MLB Weekday Series Rankings: First place in AL East up for grabs
It's Hoagie Scale time, highlighted by Yankees-Blue Jays, Nationals-Brewers and Dodgers-Royals.
Hungry for our weekday series rankings? Of course you are. Here's how hungry we are to consume the upcoming action ...
After having lost five of their past six games, the Blue Jays' hold on first place in the mediocre AL East is tenuous and it'll be tested in this series. The Jays hold a 1½-game lead over the Yankees (and Orioles) and were swept by the Bronx Bombers just last week. So the Yankees have a chance to take over first place here.
The difference, though, is this series comes at home for Toronto. Yankee Stadium has been a house of horrors for the Blue Jays and returning home from a 10-game road trip can't hurt. So it could be time for revenge.
Washington Nationals at Milwaukee Brewers
Monday: Gio Gonzalez (3-4) vs. Matt Garza (4-4)
Tuesday: Jordan Zimmermann (5-4) vs. Yovani Gallardo (5-4)
Wednesday: Stephen Strasburg (6-5) vs. Marco Estrada (6-4)
Possible playoff preview? Sure. The Nationals and Brewers both enter the series in first place. The Brewers have a 5½-game lead and are playing excellent baseball right now while the Nationals bring a 1½-game lead in after finally conquering the Braves in two straight games, salvaging a four-game split against their nemesis.
Brewers center fielder Carlos Gomez brings in an 18-game hitting streak. The Brewers offense as a whole seems to be firing on all cylinders, though some of that could be attributed to their trip to Coors Field.
The pitching matchups generally seem to favor Washington, but the Brewers have been the superior team to this point in the season. This should be a beauty.
The Royals were the toast of baseball last week after a 10-game winning streak landed them in first place in the AL Central. Unfortunately, they've lost four straight now and are again looking up at the Tigers by 2½ games.
The Dodgers, meanwhile, have won seven of nine and are really starting to come together.
Still, this is a quality matchup between two good teams.
Something to watch: The Royals' offense is completely unfamiliar with Kershaw. In fact, most have never faced him. Given that and how well he's throwing right now, another no-hitter isn't far-fetched at all. I'll predict at least a shutout.
Something to see: Greinke was drafted and developed by the Royals. He won a Cy Young as the Royals ace. He'll now be pitching in his former home as a member of the Dodgers.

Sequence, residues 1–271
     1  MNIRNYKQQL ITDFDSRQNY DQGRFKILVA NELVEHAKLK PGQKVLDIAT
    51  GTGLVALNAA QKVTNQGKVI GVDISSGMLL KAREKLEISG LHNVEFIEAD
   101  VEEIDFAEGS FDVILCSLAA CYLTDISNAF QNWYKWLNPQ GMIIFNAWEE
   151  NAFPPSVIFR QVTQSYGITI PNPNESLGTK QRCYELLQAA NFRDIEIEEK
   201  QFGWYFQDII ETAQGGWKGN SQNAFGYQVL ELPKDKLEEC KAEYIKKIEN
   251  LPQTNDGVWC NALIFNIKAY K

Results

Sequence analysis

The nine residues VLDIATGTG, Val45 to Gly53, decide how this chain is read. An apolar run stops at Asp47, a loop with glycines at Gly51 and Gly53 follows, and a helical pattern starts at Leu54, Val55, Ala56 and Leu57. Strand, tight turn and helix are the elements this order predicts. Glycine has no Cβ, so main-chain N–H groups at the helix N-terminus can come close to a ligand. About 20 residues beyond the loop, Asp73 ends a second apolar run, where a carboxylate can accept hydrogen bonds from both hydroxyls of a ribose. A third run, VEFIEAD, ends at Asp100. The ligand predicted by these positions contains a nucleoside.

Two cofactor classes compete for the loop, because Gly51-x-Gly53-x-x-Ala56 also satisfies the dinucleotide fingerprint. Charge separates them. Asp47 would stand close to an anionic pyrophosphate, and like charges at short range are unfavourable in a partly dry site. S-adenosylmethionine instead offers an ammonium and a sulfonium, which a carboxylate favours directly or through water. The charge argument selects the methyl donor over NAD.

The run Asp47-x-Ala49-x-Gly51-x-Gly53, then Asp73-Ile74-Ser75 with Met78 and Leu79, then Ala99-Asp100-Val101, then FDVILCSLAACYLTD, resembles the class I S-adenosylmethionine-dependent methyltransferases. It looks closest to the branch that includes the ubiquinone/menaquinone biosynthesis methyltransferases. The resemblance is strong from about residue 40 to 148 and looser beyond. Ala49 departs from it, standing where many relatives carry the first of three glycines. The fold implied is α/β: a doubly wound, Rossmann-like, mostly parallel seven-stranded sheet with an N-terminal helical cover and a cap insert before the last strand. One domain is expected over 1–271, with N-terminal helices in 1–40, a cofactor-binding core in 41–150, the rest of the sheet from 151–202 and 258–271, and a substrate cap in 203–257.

A rematch of the 2011 ALCS and also a battle of Ian Kinsler against his former team -- who he famously said he wanted to go 0-162 this season. Though he was obviously exaggerating for effect, Kinsler definitely doesn't have much love for his former team and specifically his former GM, Jon Daniels.
On the field, though, this appears a lobsided matchup now that the Tigers are back on track. They've won four straight and are back in control of the AL Central after temporarily yielding to the Royals. The Rangers have dropped five straight and it's looking like a lost season.
It's the best team in baseball against one of the worst in a two-game series, but there's some intrigue here.
First of all, Colon was with the A's the past two seasons, helping provide veteran leadership for the two-time AL West champs. And his counterpart Tuesday happens to be a former first-round selection of the Mets -- as Kazmir was traded by the Mets to the Rays for Victor Zambrano in 2004.
Wednesday, Mills (the One Dollar Man) takes on Wheeler, who is coming off a three-hit shutout -- which is the best outing of his young career. The A's will provide a huge test for the promising youngster.
The Padres are one of the worst teams in the majors right now and just fired their general manager, but we have to put this up here because the Giants are in first place. They might well have broken out of their funk, too. After losing nine of 10, they've won two straight and have a chance to start this big homestand off on a great note.
Matt Cain has been brutal of late, but his only start against the Padres this season was one of his best (7 IP, 0 ER, 8 K). He also gets to face off against a 27-year-old rookie who had a 6.03 ERA in seven minor-league starts -- since Andrew Cashner was a scratch from this scheduled start.
The Braves are only one game over .500 entering the series, but they're still hot on the heels of Washington in the NL East. The Astros, meanwhile, seem to have reverted back to being a doormat, as they've lost six of seven and own the second-worst record in the AL. One would think the Braves should enjoy this matchup, but their offense can't be counted on. Getting three close games is a decent bet.